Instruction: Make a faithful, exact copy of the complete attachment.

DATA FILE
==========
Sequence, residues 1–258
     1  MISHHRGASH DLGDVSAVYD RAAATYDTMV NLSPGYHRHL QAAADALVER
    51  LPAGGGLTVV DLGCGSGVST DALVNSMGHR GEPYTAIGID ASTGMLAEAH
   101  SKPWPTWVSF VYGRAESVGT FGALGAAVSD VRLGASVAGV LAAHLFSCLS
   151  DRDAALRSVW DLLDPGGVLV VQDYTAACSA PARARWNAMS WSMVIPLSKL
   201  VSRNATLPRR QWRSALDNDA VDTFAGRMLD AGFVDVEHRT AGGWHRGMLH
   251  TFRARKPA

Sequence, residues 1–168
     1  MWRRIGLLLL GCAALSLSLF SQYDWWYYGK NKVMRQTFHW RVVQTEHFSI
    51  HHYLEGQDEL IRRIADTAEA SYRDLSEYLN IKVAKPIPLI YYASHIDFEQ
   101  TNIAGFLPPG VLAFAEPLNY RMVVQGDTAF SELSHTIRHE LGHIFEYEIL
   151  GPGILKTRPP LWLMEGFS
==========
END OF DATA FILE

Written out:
Sequence, residues 1–258
     1  MISHHRGASH DLGDVSAVYD RAAATYDTMV NLSPGYHRHL QAAADALVER
    51  LPAGGGLTVV DLGCGSGVST DALVNSMGHR GEPYTAIGID ASTGMLAEAH
   101  SKPWPTWVSF VYGRAESVGT FGALGAAVSD VRLGASVAGV LAAHLFSCLS
   151  DRDAALRSVW DLLDPGGVLV VQDYTAACSA PARARWNAMS WSMVIPLSKL
   201  VSRNATLPRR QWRSALDNDA VDTFAGRMLD AGFVDVEHRT AGGWHRGMLH
   251  TFRARKPA

Sequence, residues 1–168
     1  MWRRIGLLLL GCAALSLSLF SQYDWWYYGK NKVMRQTFHW RVVQTEHFSI
    51  HHYLEGQDEL IRRIADTAEA SYRDLSEYLN IKVAKPIPLI YYASHIDFEQ
   101  TNIAGFLPPG VLAFAEPLNY RMVVQGDTAF SELSHTIRHE LGHIFEYEIL
   151  GPGILKTRPP LWLMEGFS